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Restlet 2.0 sample application with annotations
Friday, October 23, 2009

The new version of Restlet, 2.0, uses Java annotations to make web service development easier than it was with version 1.1. However, these annotations are not based on the JAX-RS specification. They are similar, but they are not the same.

In Chapter 6, I cover in detail the web component portion of the Restlet framework, versions 1.1 and 2.0. For this entry, however, I will just give an example of a full RESTful web service implementation using Restlet 2.0 that runs as a standalone Java application (I cover this topic in Chapter 9).

The Restlet framework, aside from a Java web container component, offers a library for standalone web application development. With it, you can create desktop applications that don't require a full Java web container such as Tomcat or JBoss (though, technically, the standalone library provides a deployment-free HTTP server).

A full listing of a Restlet web service looks as follows:
import org.restlet.Server;
import org.restlet.resource.Delete;
import org.restlet.resource.Get;
import org.restlet.resource.Post;
import org.restlet.resource.Put;
import org.restlet.resource.ServerResource;

public class StandAloneServer extends ServerResource {
public static void main(String[] args) throws Exception {
new Server(Protocol.HTTP, 8006,

public String handleGet() {
return "HTTP GET.";

public String handlePost() {
return "HTTP POST.";

public String handlePut() {
return "HTTP PUT.";

public String handleDelete() {
return "HTTP DELETE.";
The main() method instantiates an org.restlet.Server object that listens to HTTP requests on port 8006. This takes care of the HTTP request listening.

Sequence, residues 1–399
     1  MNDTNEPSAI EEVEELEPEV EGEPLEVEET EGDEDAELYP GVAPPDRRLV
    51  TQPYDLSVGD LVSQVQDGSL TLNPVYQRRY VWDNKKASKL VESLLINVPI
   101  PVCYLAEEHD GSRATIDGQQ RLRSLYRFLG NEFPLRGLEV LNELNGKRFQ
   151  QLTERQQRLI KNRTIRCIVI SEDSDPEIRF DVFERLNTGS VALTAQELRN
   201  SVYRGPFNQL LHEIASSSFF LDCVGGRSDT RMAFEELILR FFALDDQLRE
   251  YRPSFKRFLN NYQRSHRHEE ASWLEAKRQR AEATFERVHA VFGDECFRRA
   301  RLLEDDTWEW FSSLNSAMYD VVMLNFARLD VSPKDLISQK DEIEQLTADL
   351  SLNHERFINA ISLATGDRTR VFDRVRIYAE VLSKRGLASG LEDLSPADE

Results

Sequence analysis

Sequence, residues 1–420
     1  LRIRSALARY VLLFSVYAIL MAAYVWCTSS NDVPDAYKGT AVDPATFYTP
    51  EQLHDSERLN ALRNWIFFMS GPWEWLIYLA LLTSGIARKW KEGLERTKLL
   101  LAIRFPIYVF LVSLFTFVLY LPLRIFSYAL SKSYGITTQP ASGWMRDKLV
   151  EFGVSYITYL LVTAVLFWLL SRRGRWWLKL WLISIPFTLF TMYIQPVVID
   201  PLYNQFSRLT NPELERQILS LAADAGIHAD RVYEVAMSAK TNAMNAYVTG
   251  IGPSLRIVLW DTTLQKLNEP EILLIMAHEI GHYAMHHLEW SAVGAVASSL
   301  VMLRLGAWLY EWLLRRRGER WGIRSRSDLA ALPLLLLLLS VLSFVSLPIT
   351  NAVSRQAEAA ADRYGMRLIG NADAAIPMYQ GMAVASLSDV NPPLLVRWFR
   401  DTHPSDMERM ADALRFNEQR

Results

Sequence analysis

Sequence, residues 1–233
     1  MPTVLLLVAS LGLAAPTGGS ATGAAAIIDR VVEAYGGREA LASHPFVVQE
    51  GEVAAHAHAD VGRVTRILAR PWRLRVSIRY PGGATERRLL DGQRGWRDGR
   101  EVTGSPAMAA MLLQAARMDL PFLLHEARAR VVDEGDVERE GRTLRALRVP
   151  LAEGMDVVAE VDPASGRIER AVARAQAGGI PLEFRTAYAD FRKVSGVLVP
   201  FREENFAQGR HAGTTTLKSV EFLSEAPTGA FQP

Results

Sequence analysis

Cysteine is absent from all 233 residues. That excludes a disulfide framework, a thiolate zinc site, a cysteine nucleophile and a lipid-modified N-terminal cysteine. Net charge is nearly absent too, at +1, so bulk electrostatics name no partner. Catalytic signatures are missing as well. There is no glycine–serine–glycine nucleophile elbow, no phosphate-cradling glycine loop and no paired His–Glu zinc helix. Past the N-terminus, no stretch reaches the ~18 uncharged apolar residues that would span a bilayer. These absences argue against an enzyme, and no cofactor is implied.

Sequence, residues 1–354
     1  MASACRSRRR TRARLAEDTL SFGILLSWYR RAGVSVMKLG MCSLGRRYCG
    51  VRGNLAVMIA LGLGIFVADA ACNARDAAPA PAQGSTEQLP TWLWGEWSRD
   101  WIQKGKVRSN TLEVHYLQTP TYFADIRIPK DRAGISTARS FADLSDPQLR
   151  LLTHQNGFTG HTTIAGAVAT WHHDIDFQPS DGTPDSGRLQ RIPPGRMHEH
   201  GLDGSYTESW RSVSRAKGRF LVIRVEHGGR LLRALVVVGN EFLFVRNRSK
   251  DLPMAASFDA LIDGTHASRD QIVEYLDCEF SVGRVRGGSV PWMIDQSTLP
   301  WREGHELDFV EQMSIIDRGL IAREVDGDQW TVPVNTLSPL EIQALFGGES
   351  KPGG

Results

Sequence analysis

What about the specific HTTP request methods?

This is where the Restlet annotation functionality comes into play. Servicing specific HTTP requests takes nothing more than coding and annotating a method for each HTTP request, as follows:
  • @Get - for resource retrieval.
  • @Post - for resource creation.
  • @Put - for resource updates.
  • @Delete - for resource deletion.
The name of each annotated method is arbitrary, and this is represented in my example above. For instance, handleGet() handles GET requests, handlePost() handles POST requests, handlePut() handles PUT requests, and handleDelete() handles DELETE requests.

Each of these request handlers returns a String representation as the response. For a real example, however, you should be returning XML or JSON structures that are specific to your problem domain.

Assuming that your Java source file is called, you can compile this application with the following command:
javac -classpath RESTLET_HOME/lib/org.restlet.jar
To run the application, you would use the command:
java -classpath RESTLET_HOME/lib/org.restlet.jar
To access the web service, just point your testing client to the URI http://localhost:8006/. For a GET request, you can use your web browser. For example, using FireFox, a GET request's response looks as follows:

To test the requests POST, PUT, and DELETE, you will need a more sophisticated web client, as web browsers can't generate PUT or DELETE requests. If you don't have a client that can generate these requests, you can use my Java Swing client (full code listing is in Chapter 2). A PUT request using this client looks as follows:

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